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May 2, 1975

May 2, 1975

The Hockey News has been providing the most comprehensive coverage of the world of hockey since 1947. In each issue, you'll find news, features and opinions about the NHL and leagues across North America and the world.

IN THIS ISSUE

SHL Sees Expansion Necessary For Continued Operation Of League

THE HOCKEY NEWS EVERY WEEK for the price of a ticket to a SINGLE GAME! Superb Hockey Reading Each Month HOCKEY WORLD & HOCKEY PICTORIAL ROANOKE— The Southern Hockey League finished its second year intact, if not in good shape. But the future of the league. says president Gene Hawthorne, lies with further expansion. The SHL has not yet decided what it plans to do for next year, but it did decide at its annual meeting that it would not operate again with only five teams. The Southern was an offspring of the former Eastern League. Two yearsago, after facing constantly rising travel costs and a lack of interest in the northern clubs, the Southern Division teams of the EHL decided to go their own way. Those four cities included Roanoke, Greensboro. Charlotte and St. Petersburg.…

IN THIS ISSUE

Islanders Win “Battle Of New York”

LONG ISLAND— It was only 37 years ago that the Stanley Cup playoffs produced the last Battle of Gotham. That was in 1938 as the New York Americans topped a highly-favored Ranger sextet two games to one. Each team had notched a victory before the Amerks’ Lorne Carr iced the clincher after forty seconds of the third overtime. 3-2. As every hockey fan this side of Siberia knows by now, the N.Y. Islanders dealt the Rangers a similar death blow this year, winning two of three on the road at Madison Square Garden to advance to the quarter-finals against the Pittsburgh Penguins. And it was an overtime thriller, as J.P. Parise nai led the coffin after only 11 seconds of sudden death. It was a strange game, but then again, the entire series…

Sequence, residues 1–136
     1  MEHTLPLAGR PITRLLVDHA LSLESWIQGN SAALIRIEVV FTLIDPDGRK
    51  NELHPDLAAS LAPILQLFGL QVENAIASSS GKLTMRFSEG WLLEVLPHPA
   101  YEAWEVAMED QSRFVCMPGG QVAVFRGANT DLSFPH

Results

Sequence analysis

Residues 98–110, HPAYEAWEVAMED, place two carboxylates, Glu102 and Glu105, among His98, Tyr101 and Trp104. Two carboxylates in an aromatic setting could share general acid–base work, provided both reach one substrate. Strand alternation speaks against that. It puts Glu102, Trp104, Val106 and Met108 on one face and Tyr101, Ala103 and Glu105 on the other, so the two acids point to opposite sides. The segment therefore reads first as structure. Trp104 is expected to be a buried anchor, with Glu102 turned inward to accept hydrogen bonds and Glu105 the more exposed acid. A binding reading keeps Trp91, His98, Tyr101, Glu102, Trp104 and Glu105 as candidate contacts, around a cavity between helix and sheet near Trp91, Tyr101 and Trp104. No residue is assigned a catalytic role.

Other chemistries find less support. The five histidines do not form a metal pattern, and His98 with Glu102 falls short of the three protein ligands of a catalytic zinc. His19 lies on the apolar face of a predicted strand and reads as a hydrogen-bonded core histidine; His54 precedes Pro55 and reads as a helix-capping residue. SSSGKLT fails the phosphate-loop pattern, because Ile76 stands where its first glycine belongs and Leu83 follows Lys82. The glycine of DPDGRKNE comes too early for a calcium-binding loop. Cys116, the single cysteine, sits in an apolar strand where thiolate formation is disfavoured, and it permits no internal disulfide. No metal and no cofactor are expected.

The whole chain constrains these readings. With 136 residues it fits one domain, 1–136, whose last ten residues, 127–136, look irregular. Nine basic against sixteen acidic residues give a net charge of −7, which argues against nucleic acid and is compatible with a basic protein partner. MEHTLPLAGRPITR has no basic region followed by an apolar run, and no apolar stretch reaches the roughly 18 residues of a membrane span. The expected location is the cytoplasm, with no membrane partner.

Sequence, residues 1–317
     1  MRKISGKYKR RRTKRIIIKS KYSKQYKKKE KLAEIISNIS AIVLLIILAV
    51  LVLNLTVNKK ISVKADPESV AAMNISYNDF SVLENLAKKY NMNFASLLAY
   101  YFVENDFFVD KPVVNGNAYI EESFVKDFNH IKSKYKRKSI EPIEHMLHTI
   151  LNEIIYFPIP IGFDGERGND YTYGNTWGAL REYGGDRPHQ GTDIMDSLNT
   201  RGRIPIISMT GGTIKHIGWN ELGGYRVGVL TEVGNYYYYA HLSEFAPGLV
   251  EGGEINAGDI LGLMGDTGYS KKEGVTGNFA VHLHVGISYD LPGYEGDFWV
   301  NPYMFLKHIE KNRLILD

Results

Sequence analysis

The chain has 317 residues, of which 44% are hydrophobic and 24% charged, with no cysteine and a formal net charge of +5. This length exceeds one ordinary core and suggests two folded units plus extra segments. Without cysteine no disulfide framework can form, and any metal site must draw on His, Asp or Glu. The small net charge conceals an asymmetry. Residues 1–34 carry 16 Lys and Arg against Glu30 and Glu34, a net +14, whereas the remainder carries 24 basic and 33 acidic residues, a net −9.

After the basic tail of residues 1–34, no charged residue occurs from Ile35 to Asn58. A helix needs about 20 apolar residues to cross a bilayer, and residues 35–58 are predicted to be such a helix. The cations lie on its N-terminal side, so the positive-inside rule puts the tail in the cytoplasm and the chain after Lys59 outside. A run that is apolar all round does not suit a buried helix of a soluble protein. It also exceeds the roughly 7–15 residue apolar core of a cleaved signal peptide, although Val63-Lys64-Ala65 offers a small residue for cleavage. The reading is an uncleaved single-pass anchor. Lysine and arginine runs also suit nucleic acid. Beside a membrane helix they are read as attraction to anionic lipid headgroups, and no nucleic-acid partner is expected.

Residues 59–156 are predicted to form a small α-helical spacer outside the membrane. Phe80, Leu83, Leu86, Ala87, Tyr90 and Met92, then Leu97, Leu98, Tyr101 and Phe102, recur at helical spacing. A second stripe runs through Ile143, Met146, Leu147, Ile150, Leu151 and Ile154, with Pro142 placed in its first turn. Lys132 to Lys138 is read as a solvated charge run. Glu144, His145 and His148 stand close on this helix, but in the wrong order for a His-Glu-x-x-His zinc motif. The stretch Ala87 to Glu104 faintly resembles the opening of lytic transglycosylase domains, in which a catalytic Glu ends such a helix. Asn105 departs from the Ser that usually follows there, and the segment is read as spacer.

IN THIS ISSUE

Canucks Need More Muscle To Become Cup Contender

VANCOUVER— “It takes a lot of ingredients to make a good stew,” ranks as one of hockey’s oldest cliches. It is also true, which is why it has endured long enough to become a cliche. The Vancouver Canucks in just one short year have acquired a remarkable number of right ingredients for their own version of a successful stew, but the taste is not yet quite right. With the late season emergence of Ken Lockett as a bonafide major leaguer, the Canucks appear solid in the key area of goaltending. They have the veteran Gary Smith and the rookie Lockett as a capable alternate. Over the course of the season Don Lever and John Gould established themselves as top goal scorers. Dennis Ververgaert and Chris Oddleifson should fit into that category if they…

IN THIS ISSUE

Hawks Proved To Themselves They Could Win In Clutch

CHICAGO— April 15 is the day of reckoning here in the States. That is the day we settle up with Uncle Sam and pay the man his due. The day of reckoning for the Black Hawks came a little earlier in the month. Five days, to be exact. That was the day of their decision for 1975: they either had to prove that they were the team that everyone figured they were or discover that the Stanley Cup playoffs were a spectator sport. This was a day of mixed emotions. The Hawks had been soundly trounced in Boston 8-2 and had to win two crucial games to keep them from being TV viewers for the rest of the series. Mixed emotions? It they lost, it would prove that they were the mediocre team…